I was recently asked on a radio interview when I knew that I had made it as a writer. I think this was a good question because so often writers seek validation for their work. My answer I gave came in two ways:
The first was an email I received from one of my readers. He explained that he had been dealing with a bully issue in school. He’d been just ignoring the taunts and basically been trying to avoid the person all together. Then he read The Dream Keeper Chronicles and saw that Kaelyn was going through a similar situation. He said his favorite part was when Kaelyn stood up for herself when she was being bullied. He said that her courage gave him courage. He never said if it solved his issue he had being bullied, but to me I felt like my book had really touched someone. That after all is why I write what I write. Some will say there’s really no money in middle-grade books, and for the most part that’s true. A few select middle-grade authors hit the big time but for the most part we are all just mid-list authors. Obviously I am not in it for the money. I am in it because I love writing books for kids and teens. They are the most impressionable and they still believe in the possibility of magic and wonder.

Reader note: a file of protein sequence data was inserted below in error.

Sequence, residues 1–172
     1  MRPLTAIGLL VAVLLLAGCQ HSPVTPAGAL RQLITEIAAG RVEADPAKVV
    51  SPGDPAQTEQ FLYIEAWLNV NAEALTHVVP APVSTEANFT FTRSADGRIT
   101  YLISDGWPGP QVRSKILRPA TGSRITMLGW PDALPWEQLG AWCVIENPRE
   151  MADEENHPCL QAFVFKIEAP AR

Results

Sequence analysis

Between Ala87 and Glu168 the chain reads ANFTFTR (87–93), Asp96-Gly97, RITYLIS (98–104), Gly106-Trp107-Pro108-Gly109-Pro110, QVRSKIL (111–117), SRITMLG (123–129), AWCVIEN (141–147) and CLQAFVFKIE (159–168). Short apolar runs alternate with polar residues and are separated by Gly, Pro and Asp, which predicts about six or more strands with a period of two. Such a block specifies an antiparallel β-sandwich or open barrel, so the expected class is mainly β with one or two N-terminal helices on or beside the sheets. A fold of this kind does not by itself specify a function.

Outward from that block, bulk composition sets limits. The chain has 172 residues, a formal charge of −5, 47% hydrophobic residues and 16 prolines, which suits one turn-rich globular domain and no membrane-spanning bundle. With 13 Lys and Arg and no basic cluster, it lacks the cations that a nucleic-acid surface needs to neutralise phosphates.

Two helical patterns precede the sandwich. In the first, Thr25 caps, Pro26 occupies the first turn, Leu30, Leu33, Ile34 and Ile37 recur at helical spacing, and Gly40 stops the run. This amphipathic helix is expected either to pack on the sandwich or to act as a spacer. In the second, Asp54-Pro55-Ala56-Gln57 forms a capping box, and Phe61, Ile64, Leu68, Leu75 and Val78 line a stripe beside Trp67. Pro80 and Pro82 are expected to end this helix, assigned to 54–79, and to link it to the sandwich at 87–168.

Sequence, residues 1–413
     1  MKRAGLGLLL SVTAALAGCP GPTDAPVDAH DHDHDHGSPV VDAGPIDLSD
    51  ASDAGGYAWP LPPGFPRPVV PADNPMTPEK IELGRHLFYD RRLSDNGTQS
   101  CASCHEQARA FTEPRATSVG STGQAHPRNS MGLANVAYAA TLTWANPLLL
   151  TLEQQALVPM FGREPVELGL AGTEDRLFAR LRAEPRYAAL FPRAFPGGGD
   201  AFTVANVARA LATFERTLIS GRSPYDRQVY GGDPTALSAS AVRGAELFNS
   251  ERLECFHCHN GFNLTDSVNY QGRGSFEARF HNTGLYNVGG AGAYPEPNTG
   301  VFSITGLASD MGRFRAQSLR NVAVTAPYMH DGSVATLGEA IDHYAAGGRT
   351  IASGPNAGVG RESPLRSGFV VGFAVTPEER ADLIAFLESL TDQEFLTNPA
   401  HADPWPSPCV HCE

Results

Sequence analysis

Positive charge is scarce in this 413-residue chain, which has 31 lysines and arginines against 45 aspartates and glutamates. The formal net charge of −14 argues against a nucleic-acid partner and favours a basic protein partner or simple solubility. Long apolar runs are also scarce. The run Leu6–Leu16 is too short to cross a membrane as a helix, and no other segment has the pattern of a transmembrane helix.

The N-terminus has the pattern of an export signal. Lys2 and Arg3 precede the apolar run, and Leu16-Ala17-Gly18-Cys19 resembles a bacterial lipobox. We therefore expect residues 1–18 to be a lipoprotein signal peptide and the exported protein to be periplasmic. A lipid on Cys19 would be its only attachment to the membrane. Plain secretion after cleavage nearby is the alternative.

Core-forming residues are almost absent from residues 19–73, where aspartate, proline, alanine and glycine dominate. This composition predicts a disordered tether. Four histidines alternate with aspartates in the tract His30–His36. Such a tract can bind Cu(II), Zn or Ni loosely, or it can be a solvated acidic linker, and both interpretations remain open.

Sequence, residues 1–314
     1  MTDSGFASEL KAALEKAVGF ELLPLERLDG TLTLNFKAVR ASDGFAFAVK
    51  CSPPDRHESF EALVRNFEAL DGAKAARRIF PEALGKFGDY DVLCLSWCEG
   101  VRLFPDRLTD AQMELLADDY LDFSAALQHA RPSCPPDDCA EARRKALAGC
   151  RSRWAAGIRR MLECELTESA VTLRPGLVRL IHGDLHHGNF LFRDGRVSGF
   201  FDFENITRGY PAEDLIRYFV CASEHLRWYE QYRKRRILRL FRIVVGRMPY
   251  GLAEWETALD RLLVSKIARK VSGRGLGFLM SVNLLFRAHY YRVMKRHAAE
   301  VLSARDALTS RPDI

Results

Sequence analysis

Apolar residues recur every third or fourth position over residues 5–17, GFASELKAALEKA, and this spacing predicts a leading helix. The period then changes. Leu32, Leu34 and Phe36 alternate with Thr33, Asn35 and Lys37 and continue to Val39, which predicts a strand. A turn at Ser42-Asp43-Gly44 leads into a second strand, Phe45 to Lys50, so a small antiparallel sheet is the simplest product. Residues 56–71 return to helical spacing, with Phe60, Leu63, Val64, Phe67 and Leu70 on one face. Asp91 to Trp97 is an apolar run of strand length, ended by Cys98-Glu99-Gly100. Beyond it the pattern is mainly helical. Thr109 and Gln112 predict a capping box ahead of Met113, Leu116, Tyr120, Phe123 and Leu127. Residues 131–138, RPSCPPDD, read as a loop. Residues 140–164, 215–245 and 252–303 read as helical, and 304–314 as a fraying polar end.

|Drawing by Levi, 14 years old. Depicting a scene from The Dreamstone.|
The second instance when I felt like a true writer just happened recently. I got an email from another reader. This time it came with some fan art. I was tickled pink when I saw it. Art has always had a close spot next to my heart. I learned to paint and draw by watching my grandmother put color on canvas. When I was little I always admired a painting my father had painted for my grandpa that hung in their living room. I loved how pictures could be stories within themselves. So of course when I got my first ever fan art from one of my books I was ecstatic. The artist, a 14 year old boy, asked me if I knew what scene he’d drawn. Of course I knew! It was one of my favorite scenes in the book. From all the things he could have drawn I think maybe it was one of his too.
I am glad I was asked that interview question. I think it wonderful to think about all the things that help you feel validated in your dreams. I have always wanted to be an author. I have always wanted the validation of a “real” publisher. When I decided to self-publish my books I kind of felt cheated of that validation. I had no one backing me in my dreams and goals, not publicly anyway. Validation comes in so many forms. Mine was two emails. Both from teen boys who had read my books and loved them. They are the ones that made me feel like a writer…a real writer.